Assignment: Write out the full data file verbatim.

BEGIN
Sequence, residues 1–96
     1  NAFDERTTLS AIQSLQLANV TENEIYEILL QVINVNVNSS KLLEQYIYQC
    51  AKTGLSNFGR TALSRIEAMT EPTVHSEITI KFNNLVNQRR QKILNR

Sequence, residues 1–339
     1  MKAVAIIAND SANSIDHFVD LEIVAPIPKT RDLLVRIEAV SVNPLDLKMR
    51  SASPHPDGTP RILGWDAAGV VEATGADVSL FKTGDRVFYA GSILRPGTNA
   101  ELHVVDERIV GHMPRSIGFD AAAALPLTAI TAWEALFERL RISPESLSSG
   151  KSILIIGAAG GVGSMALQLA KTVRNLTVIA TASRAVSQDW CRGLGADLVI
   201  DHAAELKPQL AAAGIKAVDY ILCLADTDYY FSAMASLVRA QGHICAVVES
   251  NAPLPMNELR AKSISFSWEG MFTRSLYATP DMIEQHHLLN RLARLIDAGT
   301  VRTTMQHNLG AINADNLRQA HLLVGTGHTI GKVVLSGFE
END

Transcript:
Sequence, residues 1–96
     1  NAFDERTTLS AIQSLQLANV TENEIYEILL QVINVNVNSS KLLEQYIYQC
    51  AKTGLSNFGR TALSRIEAMT EPTVHSEITI KFNNLVNQRR QKILNR

Sequence, residues 1–339
     1  MKAVAIIAND SANSIDHFVD LEIVAPIPKT RDLLVRIEAV SVNPLDLKMR
    51  SASPHPDGTP RILGWDAAGV VEATGADVSL FKTGDRVFYA GSILRPGTNA
   101  ELHVVDERIV GHMPRSIGFD AAAALPLTAI TAWEALFERL RISPESLSSG
   151  KSILIIGAAG GVGSMALQLA KTVRNLTVIA TASRAVSQDW CRGLGADLVI
   201  DHAAELKPQL AAAGIKAVDY ILCLADTDYY FSAMASLVRA QGHICAVVES
   251  NAPLPMNELR AKSISFSWEG MFTRSLYATP DMIEQHHLLN RLARLIDAGT
   301  VRTTMQHNLG AINADNLRQA HLLVGTGHTI GKVVLSGFE